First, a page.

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### Section 11.2 : Vector Arithmetic

4. Find a vector that points in the same direction as $$\vec c = \left\langle { - 1,4} \right\rangle$$ with a magnitude of 10.

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At first glance this doesn’t appear to be all that similar to the previous problem. However, it’s actually very similar.

First, let’s check to see what the magnitude of this vector is.

$\left\| {\vec c} \right\| = \sqrt {{{\left( { - 1} \right)}^2} + {{\left( 4 \right)}^2}} = \sqrt {17}$ Show Step 2

Okay, oddly enough let’s determine a unit vector that points in the same direction. This doesn’t seem all that useful but it’s actually a very good thing to do in this case.

The unit vector is,

$\vec u = \frac{{\vec c}}{{\left\| {\vec c} \right\|}} = \frac{1}{{\sqrt {17} }}\left\langle { - 1,4} \right\rangle = \require{bbox} \bbox[2pt,border:1px solid black]{{\left\langle { - \frac{1}{{\sqrt {17} }},\frac{4}{{\sqrt {17} }}} \right\rangle }}$

Now, let’s think about what we did here. We took the original vector and multiplied it by a number, $$\frac{1}{{\sqrt {17} }}$$ in this case, to change its magnitude. The result is a new vector, pointing in the same direction as the original vector, and has a new magnitude of one.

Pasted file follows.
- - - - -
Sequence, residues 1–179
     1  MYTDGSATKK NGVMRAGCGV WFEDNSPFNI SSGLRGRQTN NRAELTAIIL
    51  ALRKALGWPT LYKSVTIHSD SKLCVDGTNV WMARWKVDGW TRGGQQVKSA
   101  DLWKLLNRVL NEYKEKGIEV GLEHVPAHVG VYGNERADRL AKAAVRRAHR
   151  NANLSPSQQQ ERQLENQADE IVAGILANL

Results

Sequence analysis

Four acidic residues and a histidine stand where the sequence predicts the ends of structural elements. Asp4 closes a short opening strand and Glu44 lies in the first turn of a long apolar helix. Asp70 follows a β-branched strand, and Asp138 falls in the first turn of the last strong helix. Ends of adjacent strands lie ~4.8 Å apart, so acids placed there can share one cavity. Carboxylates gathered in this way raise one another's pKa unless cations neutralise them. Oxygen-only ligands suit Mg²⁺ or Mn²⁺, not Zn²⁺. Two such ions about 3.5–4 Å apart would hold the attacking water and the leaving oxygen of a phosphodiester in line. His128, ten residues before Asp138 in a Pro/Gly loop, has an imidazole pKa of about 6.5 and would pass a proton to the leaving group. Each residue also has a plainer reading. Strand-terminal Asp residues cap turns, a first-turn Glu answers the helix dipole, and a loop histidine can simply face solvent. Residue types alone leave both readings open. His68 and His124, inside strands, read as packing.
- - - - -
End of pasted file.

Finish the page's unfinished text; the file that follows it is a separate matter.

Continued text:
So, how can we use this new vector (and the process by which we found it) to get an answer for this problem?

Show Step 3

We know that scalar multiplication can change the magnitude of a vector. We’ve got a vector with magnitude of one that points in the correct direction. To convert this into a vector with magnitude of 10 all we need to do is multiply this new unit vector by 10 to get,

$\vec v = 10\vec u = 10\left\langle { - \frac{1}{{\sqrt {17} }},\frac{4}{{\sqrt {17} }}} \right\rangle = \left\langle { - \frac{{10}}{{\sqrt {17} }},\frac{{40}}{{\sqrt {17} }}} \right\rangle$

Now, let’s verify that this does what we want it to do with a quick magnitude computation.

$\left\| {\vec v} \right\| = \sqrt {{{\left( { - \frac{{10}}{{\sqrt {17} }}} \right)}^2} + {{\left( {\frac{{40}}{{\sqrt {17} }}} \right)}^2}} = \sqrt {\frac{{1700}}{{17}}} = \sqrt {100} = 10$

So, we do have a vector with magnitude 10 as predicted!